Telling Stories at Strathcona

Strathcona Elementary School in Hamilton was the first-place winner the 2016 Telling Tales Explore Your World School Contest. On December 15, 2016 they enjoyed their prize – an author visit by Andrew Larsen!

The winning class worked together to create a large masterpiece inspired by Andrew’s book The Imaginary Garden. As their prize, the school received this unique author experience. Find out more about the school’s winning entry.

We are all storytellers

When Andrew was young, he didn’t know he could be a storyteller. He thought he was going to be a hockey player. He played road hockey and made up stories where he was playing in game seven of the Stanley Cup finals.

To the amazement of the students, he told them, “In kindergarten I became an author.” Then he showed the students the very first book he made. It was a gift for his mom. He made books for his family, and encourages kids to make their own handmade books for grown-ups.

During his presentation, Andrew gave students an inside look into his stories and how he came up with the ideas. “Ideas for stories are all over the place. We are all full of stories.”

Andrew Larsen with his first book

Andrew Larsen showing the students his first book – he made it in kindergarten.

How to grow a book

The idea for his book The Not-So-Faraway Adventure grew out of The Imaginary Garden. He had an idea as he was travelling on the subway in Toronto on a summer day. His idea was the joy of painting. His mom and daughter paint together, and he wanted to explore how the painting develops as the story develops.

Andrew sat at the computer and wrote a first draft in three to four days.

Then he asked the Strathcona students to guess how many drafts it took to reach the final story in the book. They were surprised to find out it took almost 100 drafts to make the story just right. “Like shining silver,” explained Andrew, “it gets better each time.”

At draft 60 he knew it was good enough to be a book. He worked with an editor to help fix the story, offer suggestions and make the story work better. There were a lot of changes, and it was hard work, but Andrew did not give up.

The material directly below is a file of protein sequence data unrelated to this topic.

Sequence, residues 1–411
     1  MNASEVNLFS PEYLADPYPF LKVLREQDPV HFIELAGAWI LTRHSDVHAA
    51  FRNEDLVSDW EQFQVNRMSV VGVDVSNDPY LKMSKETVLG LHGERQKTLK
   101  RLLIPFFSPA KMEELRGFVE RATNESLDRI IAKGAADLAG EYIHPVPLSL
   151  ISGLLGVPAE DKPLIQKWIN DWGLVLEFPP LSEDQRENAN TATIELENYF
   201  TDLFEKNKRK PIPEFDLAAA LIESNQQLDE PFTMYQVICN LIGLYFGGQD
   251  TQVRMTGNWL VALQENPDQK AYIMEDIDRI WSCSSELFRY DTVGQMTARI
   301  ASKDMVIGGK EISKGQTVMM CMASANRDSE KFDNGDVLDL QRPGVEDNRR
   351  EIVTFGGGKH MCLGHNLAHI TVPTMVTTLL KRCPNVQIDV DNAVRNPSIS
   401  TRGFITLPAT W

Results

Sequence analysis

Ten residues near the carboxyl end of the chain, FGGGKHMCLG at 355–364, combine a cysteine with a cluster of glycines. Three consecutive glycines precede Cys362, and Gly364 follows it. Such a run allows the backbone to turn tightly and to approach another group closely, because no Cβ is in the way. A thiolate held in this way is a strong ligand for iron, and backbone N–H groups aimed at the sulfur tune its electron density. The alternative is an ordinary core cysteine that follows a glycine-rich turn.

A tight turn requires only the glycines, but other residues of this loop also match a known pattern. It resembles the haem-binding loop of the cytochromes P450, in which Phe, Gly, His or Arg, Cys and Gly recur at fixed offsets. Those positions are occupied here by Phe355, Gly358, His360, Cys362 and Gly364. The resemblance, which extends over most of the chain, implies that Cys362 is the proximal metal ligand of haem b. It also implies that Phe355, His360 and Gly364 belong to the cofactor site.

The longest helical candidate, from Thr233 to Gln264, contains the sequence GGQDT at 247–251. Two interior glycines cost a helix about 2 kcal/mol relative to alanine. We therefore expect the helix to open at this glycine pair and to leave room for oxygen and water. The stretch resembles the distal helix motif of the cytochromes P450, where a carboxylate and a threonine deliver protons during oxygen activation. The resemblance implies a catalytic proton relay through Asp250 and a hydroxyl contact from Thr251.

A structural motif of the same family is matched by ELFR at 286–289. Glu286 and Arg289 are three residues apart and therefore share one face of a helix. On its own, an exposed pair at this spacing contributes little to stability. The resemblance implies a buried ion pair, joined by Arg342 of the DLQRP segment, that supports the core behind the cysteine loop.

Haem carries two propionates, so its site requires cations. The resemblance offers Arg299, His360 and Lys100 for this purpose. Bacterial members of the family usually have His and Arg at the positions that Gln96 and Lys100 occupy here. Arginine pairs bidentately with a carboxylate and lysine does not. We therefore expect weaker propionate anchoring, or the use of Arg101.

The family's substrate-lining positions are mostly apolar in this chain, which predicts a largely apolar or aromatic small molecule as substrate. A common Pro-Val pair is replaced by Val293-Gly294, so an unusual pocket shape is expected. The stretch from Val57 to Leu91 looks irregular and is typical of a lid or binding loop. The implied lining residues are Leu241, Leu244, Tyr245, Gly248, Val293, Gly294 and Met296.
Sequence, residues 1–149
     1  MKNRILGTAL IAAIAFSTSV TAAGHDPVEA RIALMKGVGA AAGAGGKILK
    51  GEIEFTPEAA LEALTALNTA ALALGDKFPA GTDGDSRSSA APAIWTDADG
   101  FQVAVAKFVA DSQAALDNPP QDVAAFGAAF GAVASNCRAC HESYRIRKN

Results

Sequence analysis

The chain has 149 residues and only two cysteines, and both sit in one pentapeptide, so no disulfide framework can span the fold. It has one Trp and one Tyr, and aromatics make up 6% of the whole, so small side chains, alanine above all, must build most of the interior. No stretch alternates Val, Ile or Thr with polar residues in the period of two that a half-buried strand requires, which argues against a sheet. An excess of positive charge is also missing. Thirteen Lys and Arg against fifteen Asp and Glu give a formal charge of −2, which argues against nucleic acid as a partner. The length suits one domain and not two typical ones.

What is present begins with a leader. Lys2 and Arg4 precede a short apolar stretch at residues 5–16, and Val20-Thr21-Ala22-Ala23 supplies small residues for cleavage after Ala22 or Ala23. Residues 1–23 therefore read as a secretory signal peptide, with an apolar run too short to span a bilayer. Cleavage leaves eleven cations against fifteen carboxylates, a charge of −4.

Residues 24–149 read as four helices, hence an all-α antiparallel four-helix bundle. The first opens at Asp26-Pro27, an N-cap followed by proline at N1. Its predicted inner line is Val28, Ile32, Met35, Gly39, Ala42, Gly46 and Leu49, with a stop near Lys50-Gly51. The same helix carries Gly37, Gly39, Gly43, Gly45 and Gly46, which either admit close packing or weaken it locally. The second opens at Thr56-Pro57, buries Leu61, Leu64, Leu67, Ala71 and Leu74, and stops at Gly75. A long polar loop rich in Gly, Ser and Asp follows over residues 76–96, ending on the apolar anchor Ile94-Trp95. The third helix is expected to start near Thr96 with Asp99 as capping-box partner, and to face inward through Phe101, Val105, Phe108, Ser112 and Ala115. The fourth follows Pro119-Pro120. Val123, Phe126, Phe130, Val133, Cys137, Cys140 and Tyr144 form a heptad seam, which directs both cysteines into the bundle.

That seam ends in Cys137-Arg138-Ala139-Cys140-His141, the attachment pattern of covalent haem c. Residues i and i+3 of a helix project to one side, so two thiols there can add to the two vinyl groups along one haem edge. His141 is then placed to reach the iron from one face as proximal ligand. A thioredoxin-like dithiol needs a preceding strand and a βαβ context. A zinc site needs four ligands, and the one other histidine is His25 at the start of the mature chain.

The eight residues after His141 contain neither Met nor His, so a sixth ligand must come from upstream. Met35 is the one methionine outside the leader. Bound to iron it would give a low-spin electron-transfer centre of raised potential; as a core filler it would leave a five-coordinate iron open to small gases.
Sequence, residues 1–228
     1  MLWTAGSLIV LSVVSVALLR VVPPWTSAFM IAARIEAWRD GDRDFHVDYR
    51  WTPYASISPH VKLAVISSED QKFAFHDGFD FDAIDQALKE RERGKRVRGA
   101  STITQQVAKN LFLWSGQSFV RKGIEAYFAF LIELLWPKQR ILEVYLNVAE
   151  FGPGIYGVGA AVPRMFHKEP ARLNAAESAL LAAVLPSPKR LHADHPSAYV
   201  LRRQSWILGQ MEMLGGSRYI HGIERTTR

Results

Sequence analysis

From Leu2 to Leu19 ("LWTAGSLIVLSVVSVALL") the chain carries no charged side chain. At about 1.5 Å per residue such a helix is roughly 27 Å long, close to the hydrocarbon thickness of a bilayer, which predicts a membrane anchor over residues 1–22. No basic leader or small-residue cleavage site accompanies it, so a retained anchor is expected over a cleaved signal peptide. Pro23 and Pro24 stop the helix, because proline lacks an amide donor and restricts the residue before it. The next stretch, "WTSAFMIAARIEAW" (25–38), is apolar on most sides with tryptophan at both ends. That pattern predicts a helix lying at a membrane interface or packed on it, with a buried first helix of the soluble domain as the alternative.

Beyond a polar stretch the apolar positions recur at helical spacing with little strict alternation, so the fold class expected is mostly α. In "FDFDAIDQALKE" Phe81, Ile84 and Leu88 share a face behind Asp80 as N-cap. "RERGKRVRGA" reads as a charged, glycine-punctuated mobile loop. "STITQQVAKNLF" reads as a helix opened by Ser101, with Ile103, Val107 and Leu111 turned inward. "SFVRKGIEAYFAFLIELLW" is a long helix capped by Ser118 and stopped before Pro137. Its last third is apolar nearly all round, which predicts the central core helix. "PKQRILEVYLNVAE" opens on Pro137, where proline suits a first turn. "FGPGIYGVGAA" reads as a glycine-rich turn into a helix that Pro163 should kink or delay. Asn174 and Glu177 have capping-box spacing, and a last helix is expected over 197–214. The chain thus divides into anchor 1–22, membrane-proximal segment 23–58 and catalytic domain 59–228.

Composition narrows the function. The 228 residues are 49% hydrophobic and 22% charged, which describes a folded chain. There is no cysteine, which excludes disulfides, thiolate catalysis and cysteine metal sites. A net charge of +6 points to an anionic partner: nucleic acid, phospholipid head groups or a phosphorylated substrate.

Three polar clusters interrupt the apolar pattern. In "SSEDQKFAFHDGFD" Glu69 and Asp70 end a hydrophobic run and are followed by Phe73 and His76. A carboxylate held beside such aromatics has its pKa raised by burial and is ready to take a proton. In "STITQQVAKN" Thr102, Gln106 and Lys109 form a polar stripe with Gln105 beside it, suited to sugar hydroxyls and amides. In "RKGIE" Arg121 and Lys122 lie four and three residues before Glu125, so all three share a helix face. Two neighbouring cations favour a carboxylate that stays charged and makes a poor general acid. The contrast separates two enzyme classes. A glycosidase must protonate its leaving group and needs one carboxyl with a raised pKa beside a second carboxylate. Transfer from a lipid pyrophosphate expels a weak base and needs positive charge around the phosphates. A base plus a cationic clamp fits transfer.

He continued working on it, and an artist did the illustrations to accompany his words. The characters of his mom and daughter eventually turned into the story’s main characters: Papa and Theo. That first idea he had on the subway grew up into a book.

A sequel

The book did very well, and has been translated into different languages and sold all around the world.

Due to its popularity, Andrew wanted to write another story with these same characters. He thought about a few ideas, and then one day his father-in-law came over and asked his daughter to go out for French fries. They ended up spending the whole day looking for the best fries around Toronto, and simply having fun together. So their adventure looking for food inspired The Not-So-Faraway Adventure.

Sharing stories and writing advice with students.

Andrew Larsen sharing stories and writing advice with students.

Writing advice for kids

Writing can be hard. Often the challenge is where to begin, so Andrew reminded the students, “Every story starts with a single word. So start with ‘I’. Then ask yourself questions: Then what? What did I do today? I woke up and it was snowing. That can lead into it being a story about a snow day. Who is the character?  Always ask yourself: ‘and then what?’”

Fun facts

  • The biggest challenge for Andrew is ending a story; he has changed the ending on virtually every book he wrote
  • He has nine published books and six are coming out between now and 2019
  • A Squiggly Story is based on Andrew’s school visits and the many questions kids ask him
  • A Squiggly Story took five years to write
  • Every year Andrew writes a Christmas story and gives it to his family
  • He gets ideas when he hears snippets of conversations
  • He has given his mom 40-50 handmade books
Andrew signed a special book for the winning class.

Andrew signed a special book for the winning class.